Cycling in Hammersmith and Fulham under the GLC

originally posted on hfcyclists

On YouTube a video has been uploaded originally made in 1984 to show progress made on cycling by the Greater London Council in coordination with boroughs. At the time the Greater London Council (GLC) had helped fund the beginnings of a cycling network and improve cycling throughout London. Much of the work took place in Hammersmith and Fulham. There are even animations (specially commissioned) which show how many of the early junctions in Hammersmith worked.

GIF Animation of crossing under Hammersmith Flyover
Animation of crossing under Hammersmith Flyover

Of particular note to us are absolutely amazing sections showing then new facilities at various parts of Hammersmith. Every facility has inevitably been reworked in the decades since and indeed some are actually even preserved in a form on Google Street View (which we’ve linked in captions below the images) that has only recently been further revamped. The point to note from all of this is that it does at least appear the borough have been capable of renewing and maintaining a cycle network if not extending it in the years since. These are just some that we’ve noticed, let us know if you spot any others.

Cyclist on Holland Park Roundabout, 1984
Cyclist on Holland Park Roundabout. Since then railings have gone, lights have changed but it’s still 4-5 lanes of traffic to navigate by bike  > see now on Street View
Quiet route paralleling Fulham Palace Road
Quiet route paralleling Fulham Palace Road, this continues to work fairly well though you’ll often see local school children riding on the pavement.  > see now on Street View
Crisp Road Contraflow
Crisp Road Contraflow, this has changed a lot as trees have grown and is constantly under threat due to nearby developments.  > see now on Street View
Addison Bridge avoiding Holland Park Roundabout
Addison Bridge avoiding Holland Park Roundabout, this is absurdly narrow. It has since had parking removed and has segregated lanes in either direction.  > see now on Street View
Bridge Road crossings under Hammersmith Flyover
Bridge Road crossings under Hammersmith Flyover, even in 1984 it was odd not to allow contraflow cycling coming towards the camera. Will we fix that after 30 years? > see now on Street View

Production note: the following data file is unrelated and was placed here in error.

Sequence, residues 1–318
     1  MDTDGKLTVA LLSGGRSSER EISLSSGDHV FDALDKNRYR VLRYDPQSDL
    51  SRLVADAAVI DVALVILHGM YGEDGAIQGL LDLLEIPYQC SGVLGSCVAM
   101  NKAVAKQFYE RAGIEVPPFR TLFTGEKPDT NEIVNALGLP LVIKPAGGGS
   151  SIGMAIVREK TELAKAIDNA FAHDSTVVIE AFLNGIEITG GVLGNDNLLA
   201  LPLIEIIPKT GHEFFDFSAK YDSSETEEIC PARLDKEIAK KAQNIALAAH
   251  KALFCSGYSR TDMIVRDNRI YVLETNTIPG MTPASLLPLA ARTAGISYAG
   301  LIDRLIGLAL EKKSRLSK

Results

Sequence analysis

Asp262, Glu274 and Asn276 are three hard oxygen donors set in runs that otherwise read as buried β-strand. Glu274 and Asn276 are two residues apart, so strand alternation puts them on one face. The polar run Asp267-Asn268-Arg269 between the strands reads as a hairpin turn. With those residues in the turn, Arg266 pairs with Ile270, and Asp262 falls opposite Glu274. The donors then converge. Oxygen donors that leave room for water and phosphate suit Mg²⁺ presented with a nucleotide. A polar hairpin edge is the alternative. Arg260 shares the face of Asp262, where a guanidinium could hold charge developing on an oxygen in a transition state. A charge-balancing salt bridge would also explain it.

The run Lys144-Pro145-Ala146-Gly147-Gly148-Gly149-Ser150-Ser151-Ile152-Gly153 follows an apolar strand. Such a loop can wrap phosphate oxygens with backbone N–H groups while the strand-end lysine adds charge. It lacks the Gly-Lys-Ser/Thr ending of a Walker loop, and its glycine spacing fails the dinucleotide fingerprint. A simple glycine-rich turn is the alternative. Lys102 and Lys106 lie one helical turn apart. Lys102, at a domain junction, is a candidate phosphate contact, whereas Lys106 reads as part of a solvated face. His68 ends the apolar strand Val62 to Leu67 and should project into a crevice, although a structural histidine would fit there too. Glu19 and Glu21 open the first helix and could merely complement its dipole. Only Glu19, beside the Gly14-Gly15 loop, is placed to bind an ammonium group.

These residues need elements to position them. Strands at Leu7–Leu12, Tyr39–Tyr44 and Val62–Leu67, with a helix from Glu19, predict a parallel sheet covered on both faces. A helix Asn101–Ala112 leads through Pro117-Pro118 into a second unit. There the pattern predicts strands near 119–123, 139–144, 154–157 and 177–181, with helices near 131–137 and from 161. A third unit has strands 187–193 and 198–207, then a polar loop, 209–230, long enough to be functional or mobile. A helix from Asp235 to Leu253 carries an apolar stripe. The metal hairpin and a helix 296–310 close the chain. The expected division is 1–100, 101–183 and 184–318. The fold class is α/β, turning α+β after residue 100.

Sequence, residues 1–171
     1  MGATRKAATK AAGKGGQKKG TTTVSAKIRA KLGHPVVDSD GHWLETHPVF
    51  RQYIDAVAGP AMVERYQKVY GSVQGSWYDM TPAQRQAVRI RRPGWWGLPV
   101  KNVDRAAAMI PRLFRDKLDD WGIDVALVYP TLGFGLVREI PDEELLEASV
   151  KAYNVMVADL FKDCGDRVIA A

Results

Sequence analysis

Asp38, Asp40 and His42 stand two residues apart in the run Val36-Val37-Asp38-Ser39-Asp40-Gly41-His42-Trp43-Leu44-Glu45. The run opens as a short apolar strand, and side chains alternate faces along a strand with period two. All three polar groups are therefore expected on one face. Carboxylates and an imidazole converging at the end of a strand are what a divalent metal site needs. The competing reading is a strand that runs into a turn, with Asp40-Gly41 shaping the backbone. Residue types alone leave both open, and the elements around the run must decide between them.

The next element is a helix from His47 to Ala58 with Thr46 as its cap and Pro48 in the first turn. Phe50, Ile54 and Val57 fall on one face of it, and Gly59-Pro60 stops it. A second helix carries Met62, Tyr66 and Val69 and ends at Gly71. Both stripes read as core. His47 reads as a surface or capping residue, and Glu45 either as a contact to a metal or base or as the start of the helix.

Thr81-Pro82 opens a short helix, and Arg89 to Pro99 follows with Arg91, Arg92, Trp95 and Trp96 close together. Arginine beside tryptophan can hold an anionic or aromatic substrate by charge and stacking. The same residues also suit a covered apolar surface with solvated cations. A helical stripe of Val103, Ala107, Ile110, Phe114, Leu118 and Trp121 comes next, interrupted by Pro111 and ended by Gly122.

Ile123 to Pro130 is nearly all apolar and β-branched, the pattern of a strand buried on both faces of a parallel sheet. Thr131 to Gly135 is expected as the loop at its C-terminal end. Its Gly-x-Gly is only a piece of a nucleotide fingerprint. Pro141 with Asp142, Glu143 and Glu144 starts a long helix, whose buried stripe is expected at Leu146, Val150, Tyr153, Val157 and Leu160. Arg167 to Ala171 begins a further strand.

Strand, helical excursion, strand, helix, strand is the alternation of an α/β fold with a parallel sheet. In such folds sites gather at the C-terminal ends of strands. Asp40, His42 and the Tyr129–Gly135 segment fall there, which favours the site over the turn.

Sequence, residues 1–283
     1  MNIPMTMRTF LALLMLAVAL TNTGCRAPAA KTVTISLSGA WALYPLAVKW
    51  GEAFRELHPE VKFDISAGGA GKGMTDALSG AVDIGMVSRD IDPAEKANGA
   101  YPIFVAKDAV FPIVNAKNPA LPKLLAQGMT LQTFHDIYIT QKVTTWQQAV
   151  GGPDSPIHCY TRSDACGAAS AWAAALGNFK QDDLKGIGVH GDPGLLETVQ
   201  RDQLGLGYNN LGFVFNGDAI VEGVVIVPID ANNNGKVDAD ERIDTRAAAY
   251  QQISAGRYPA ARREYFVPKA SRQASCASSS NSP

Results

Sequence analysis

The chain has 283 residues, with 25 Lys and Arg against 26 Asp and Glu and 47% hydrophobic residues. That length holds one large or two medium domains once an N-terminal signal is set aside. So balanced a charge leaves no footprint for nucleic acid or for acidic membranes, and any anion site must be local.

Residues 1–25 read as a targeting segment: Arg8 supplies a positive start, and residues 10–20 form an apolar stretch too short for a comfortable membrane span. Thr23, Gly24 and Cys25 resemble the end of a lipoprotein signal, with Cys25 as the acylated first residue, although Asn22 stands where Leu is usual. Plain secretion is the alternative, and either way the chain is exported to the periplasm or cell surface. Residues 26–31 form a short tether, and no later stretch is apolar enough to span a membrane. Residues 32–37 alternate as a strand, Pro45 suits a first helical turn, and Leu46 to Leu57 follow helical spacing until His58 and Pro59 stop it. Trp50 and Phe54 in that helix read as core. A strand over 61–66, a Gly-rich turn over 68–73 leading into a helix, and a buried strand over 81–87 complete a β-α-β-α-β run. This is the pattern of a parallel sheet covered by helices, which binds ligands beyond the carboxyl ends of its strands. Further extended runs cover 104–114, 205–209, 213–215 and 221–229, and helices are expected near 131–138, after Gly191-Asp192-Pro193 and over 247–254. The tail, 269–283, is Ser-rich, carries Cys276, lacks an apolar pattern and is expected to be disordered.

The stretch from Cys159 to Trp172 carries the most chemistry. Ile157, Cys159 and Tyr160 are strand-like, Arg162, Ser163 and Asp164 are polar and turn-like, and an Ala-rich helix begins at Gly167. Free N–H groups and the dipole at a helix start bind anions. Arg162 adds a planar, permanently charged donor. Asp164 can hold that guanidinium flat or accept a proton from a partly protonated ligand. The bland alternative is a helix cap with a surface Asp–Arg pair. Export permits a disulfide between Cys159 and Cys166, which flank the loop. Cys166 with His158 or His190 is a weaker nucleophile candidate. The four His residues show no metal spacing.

Woman cycling around Shepherds Bush Green - lovely practical bike!
Woman cycling around Shepherds Bush Green – lovely practical bike. It’s more likely we’d see such a cyclist using the paths over the green which came in after this film. However, for many journeys cycling on the road is the most sensible option despite the risks. > see now on Street View
Then proposed links to enable cycling from Shepherds Bush Green into the main roads. These mostly survive but have been under threat in recent years and are not as complete as shown. Cycling on the green is now simpler shared use but with additional poorly executed paths around the edge. It is no safer today!
Then proposed links to enable cycling from Shepherds Bush Green into the main roads. These mostly survive but have been under threat in recent years and are not as complete as shown. Cycling on the green is now simpler shared use but with additional poorly executed paths around the edge. It is no safer today!

All this and more is in the video which is a very informative and fascinating 24 minutes or so of viewing. You’ll realise just how quickly changes can and were made back then, and of course how few changes have been made since. We note that most changes in Hammersmith and Fulham have been to the quality of these interventions but not to create that many more . The main thing sadly missing is the contraflow lane on Hammersmith King Street which followed some years later, just after the GLC was abolished by the Thatcher government.